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U.S. job losses raise recession worries

In the first such loss in four years, 17,000 jobs were shed in January.

By Staff writer of The Christian Science Monitor / February 4, 2008

On the line: Unemployed people waited in line at the California Employment Development Department in San Jose, Calif., last month. Job creation has slowed in recent months.

Paul Sakuma/AP

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In a worrisome sign, America's job market may be freezing up even in areas far removed from housing or mortgage loans.

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In January, stagnation in the economy's giant service sector helped cause the first monthly decline in jobs in over four years.

If the job market is now eroding, it could signal both the onset of a recession and an even more pivotal role for the economy in the presidential election campaign.

Until recently, the job market has been an important bulwark against economic downturn. Home builders and factories have been downsizing, yet employment remained reasonably good elsewhere in 2007. From schools to restaurants and retail stores, employers hired people and didn't lay off too many.

But last month, the hiring all but stopped.

"The big difference between December and January was the service sector – both government and private," says Nigel Gault, an economist at Global Insight, a forecasting firm in Lexington, Mass.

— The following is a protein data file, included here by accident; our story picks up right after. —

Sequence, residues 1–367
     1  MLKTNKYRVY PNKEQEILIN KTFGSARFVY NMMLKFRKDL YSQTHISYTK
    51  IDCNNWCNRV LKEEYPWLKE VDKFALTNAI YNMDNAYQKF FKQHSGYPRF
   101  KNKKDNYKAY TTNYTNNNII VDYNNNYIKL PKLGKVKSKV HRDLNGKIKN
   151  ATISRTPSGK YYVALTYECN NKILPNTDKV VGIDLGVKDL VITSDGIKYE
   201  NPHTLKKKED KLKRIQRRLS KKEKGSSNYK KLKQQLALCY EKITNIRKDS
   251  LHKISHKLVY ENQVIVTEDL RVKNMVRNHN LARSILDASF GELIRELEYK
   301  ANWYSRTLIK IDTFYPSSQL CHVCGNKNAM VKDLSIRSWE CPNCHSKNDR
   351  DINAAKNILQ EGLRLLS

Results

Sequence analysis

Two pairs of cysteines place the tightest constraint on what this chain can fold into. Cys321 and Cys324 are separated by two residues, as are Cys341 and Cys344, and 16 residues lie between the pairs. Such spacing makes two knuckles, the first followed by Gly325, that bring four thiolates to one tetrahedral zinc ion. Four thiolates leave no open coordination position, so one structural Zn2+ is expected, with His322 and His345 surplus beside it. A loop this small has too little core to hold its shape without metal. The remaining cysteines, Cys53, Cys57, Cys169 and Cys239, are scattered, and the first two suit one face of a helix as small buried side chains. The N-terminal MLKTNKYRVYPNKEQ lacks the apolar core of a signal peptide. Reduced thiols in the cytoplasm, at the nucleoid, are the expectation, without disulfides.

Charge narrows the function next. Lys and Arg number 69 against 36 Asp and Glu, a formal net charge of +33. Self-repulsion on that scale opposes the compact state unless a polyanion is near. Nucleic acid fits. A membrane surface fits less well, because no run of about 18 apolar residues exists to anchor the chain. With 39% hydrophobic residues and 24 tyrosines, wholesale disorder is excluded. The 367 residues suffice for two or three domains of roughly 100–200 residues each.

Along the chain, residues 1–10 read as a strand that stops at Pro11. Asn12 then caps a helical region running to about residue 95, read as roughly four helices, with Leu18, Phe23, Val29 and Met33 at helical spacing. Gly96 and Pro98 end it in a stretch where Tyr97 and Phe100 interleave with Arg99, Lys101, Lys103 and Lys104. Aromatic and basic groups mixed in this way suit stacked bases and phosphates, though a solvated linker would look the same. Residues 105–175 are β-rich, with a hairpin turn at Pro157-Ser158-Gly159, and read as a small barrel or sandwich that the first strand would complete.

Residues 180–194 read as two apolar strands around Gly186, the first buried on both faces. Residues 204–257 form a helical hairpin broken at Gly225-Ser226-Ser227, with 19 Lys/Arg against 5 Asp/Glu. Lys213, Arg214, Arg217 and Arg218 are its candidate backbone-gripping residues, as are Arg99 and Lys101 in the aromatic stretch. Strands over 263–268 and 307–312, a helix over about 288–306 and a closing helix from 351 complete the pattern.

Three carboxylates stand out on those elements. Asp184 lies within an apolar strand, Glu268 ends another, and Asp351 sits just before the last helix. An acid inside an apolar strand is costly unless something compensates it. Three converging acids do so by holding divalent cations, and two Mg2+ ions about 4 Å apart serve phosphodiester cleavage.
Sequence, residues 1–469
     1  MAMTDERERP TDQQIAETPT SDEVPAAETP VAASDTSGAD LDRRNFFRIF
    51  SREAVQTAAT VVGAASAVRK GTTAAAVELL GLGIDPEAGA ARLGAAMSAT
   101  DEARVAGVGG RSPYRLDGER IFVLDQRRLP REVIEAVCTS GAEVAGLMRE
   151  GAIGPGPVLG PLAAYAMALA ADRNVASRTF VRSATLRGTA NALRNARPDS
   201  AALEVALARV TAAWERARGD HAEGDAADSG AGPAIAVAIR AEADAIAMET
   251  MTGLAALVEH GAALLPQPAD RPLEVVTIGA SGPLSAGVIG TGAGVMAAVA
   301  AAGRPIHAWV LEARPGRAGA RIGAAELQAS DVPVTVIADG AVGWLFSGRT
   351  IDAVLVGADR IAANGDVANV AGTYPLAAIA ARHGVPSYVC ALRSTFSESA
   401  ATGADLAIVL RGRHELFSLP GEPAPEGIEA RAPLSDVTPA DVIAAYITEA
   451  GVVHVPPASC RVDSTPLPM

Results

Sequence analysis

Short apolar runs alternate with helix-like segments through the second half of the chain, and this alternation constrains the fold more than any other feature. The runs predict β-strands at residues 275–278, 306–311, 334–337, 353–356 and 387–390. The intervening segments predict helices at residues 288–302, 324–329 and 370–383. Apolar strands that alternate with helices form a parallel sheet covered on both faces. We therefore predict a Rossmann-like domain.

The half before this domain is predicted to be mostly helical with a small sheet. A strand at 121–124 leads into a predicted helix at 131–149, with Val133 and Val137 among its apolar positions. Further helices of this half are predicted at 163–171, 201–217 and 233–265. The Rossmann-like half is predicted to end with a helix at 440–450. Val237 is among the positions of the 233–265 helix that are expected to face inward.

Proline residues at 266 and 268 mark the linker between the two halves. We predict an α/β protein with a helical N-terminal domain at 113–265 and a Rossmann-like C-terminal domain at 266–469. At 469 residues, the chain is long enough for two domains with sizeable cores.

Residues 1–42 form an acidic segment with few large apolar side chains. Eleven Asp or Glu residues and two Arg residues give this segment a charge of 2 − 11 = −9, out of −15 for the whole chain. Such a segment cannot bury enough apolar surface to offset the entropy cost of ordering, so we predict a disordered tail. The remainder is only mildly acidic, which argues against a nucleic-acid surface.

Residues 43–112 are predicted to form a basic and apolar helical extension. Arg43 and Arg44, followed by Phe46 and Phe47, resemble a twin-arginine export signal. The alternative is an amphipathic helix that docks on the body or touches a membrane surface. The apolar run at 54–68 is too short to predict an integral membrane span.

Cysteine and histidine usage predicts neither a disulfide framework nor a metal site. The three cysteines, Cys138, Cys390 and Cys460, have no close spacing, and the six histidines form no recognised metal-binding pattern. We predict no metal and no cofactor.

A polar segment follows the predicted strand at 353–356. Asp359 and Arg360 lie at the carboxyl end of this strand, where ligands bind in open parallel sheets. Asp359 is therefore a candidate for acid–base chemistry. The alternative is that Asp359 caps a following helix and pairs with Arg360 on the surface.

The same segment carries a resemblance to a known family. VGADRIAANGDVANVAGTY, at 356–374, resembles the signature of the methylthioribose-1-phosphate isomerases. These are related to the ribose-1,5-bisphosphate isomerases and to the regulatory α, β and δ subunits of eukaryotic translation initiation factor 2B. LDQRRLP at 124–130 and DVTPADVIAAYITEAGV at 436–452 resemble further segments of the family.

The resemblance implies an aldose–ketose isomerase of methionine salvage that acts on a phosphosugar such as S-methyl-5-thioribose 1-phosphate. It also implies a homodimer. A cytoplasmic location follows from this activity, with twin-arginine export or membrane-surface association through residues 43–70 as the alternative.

Service employers, who provide the paychecks for more than 8 in 10 US workers, didn't actually lose jobs for the month. But they added just 34,000 new jobs, down sharply from 143,000 in December and well below the four-year average of about 158,000 a month.

The result: After factoring in losses in nonservice industries, the economy overall lost 17,000 jobs, the first monthly loss since August 2003.

The job numbers, released by the Labor Department Friday, are preliminary and will be revised up or down somewhat in the weeks ahead.

Despite this January's decline in business payrolls, the nation's unemployment rate improved modestly, to 4.9 percent after hitting 5 percent in December. Still, the jobless rate has edged up from a recent low of 4.4 percent last March.

But beyond this one monthly report, the job market has been slowly weakening by several measures. The length of the average workweek has edged down. Fewer industries are adding jobs. And even when 12-month average figures are used, the pace of job creation has been cooling off in recent months.

Still, experts are divided over whether this signals the onset of a recession.

"[It's] a much weaker economy ... but it's still not in the territory where you'd say it's fallen off a cliff," says Jonas Prising, president of the North American division of Manpower Inc., a major provider of temporary staffing services. Often in recessions, he notes, monthly job losses total 100,000 or more.

The temporary help industry is often one of the first to feel the effects of an economic slowdown. Instead of a sharp dive in temp employment, which Mr. Prising says is typical heading into a recession, what's occurred in recent months is more a slow slide.

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